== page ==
37See UNFCCC, Status of Ratification of the Kyoto Protocol,http://unfccc.int/kyoto_protocol/status_of_ratification/items/2613.php.
38Cf. Medellin v. Texas, 552 U.S. 491, 518, 530 (2008).
39 Emily C. Barbour, International Agreements on Climate Change: SelectedLegal Questions, CRS Report No. R41175, April 12, 2010, at 8.
40See, e.g., Center for Climate and Energy Solutions, Achieving the UnitedStates’ Intended Nationally Determined Contribution, June 2015, http://www.c2es.org/docUploads/achieving-us-indc.pdf. See also Obamaclean power plan welcomed — but won’t avoid dangerous warming, TheGuardian, Aug. 4, 2015, http://www.theguardian.com/environment/2015/aug/04/obama-cleanpower-plan-welcomed-but-wont-avoid-dangerous-warming.
41 It should be noted here that the Clean Power Plan is legally suspect, on bothstatutory and constitutional grounds. See generally David B. Rivkin, Jr., AndrewM. Grossman, and Mark W. DeLaquil, Does EPA’s Clean Power PlanProposal Violate the States’ Sovereign Rights?, Engage, February 2015, availableat https://object.cato.org/sites/cato.org/files/articles/grossman-engagefeb2015.pdf.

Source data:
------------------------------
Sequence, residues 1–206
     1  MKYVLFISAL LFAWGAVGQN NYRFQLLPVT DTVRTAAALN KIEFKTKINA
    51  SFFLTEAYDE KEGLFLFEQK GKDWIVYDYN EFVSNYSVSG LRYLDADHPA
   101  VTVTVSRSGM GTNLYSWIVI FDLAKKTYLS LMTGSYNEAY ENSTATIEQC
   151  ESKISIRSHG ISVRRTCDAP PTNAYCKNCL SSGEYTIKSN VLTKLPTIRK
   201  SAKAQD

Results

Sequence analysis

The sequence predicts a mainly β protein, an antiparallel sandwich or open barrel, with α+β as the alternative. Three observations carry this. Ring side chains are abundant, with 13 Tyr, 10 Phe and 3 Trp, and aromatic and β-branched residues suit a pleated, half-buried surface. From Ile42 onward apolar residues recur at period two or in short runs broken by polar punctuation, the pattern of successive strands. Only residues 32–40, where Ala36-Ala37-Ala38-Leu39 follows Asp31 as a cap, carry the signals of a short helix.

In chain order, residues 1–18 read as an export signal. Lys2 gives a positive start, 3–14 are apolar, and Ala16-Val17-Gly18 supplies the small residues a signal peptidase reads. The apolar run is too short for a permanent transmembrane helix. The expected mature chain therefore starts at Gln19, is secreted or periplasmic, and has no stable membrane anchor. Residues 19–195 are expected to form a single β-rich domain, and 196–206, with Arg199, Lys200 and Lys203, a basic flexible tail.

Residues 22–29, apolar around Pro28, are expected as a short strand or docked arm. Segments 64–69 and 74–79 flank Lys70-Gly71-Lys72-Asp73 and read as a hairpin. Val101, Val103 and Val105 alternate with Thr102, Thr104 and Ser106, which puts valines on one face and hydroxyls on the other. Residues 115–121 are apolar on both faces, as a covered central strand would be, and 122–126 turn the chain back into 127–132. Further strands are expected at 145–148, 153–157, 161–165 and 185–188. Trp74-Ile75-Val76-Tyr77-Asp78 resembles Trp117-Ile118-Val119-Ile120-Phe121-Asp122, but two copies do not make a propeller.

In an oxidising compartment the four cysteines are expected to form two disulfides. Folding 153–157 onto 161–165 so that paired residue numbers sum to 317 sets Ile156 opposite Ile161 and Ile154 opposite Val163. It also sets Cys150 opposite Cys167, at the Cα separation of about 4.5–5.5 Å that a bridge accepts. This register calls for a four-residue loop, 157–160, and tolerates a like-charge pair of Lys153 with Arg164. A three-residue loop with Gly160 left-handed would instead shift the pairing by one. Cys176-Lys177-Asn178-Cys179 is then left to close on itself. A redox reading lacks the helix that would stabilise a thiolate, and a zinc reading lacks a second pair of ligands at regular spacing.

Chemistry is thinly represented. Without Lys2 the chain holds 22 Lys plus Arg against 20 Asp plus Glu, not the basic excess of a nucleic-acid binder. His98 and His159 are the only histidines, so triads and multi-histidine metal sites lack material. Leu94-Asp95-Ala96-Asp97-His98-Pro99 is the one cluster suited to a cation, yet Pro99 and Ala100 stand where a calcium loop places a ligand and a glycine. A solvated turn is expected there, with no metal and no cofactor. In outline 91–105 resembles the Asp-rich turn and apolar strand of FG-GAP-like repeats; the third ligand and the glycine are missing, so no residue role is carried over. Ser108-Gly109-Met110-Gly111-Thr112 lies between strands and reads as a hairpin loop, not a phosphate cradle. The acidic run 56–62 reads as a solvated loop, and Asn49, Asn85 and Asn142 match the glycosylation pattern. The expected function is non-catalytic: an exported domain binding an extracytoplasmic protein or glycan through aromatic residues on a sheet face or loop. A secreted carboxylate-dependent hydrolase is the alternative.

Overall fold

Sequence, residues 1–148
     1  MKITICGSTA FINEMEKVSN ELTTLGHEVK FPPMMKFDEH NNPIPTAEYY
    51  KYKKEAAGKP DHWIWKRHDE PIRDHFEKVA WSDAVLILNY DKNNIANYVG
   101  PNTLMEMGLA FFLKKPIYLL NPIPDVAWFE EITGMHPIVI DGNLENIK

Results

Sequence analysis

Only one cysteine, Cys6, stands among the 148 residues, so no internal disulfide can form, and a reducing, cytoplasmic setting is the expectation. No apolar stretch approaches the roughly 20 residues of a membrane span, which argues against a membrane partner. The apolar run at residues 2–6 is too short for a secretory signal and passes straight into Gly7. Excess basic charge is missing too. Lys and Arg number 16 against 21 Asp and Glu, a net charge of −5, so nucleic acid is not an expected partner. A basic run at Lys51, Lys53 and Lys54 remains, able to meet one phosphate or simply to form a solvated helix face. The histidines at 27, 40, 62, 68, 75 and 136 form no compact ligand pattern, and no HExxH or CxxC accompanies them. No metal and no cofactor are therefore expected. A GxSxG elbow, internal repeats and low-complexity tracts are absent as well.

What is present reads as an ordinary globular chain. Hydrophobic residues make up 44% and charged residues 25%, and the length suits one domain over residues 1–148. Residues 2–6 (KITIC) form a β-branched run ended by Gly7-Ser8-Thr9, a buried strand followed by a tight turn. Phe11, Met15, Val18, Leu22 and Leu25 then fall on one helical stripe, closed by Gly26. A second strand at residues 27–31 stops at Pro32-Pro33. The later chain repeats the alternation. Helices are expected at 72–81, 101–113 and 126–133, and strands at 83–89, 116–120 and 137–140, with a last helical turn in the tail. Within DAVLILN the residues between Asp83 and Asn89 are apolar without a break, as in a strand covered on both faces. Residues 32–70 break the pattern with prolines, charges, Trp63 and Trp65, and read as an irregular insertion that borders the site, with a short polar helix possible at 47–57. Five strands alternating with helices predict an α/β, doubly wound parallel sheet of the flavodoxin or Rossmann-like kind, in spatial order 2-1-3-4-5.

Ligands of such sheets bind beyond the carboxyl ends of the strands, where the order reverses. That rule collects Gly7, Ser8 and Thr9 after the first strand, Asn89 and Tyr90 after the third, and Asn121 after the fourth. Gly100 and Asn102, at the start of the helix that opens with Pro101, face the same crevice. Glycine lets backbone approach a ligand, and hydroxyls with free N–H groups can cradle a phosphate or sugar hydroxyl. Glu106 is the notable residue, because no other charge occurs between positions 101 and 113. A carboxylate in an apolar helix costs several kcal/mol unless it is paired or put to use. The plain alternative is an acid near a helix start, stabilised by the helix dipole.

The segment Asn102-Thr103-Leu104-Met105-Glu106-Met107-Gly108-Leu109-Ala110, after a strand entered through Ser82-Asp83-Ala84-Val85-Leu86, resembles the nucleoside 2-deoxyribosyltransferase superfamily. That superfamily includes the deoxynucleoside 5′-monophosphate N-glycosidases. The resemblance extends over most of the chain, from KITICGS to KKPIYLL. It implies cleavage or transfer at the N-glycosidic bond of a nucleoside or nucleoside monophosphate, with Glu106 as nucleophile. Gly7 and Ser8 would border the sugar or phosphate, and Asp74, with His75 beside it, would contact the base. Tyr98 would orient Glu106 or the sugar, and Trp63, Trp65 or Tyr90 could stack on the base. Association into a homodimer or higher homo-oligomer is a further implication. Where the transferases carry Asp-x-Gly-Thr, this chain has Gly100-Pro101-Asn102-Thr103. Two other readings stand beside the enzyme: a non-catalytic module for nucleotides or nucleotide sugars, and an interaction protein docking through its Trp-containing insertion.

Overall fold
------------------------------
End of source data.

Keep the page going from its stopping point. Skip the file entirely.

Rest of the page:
42 And the idea that the President could, on his sole authority, subject theUnited States as a sovereign state, let alone its citizens, to the authority of an“International Tribunal of Climate Justice” or the like is so extraordinary asto require no further comment. No one, so far as I am aware, has suggestedthat the President could conclude an agreement containing such a term.
43 UNFCCC, Copenhagen Accord, Dec. 18, 2009, at ¶ 4.
44See, e.g., NLRB v. Noel Canning, 134 S. Ct. 2550 (2014).
45See, e.g., Stern, supra; William Mauldin and William Horobin, Paris ClimateTalks Face High Barriers and High Hopes, Wall St. J., Nov. 27, 2015 (reportingU.S. officials’ continued support for “nonbinding targets”).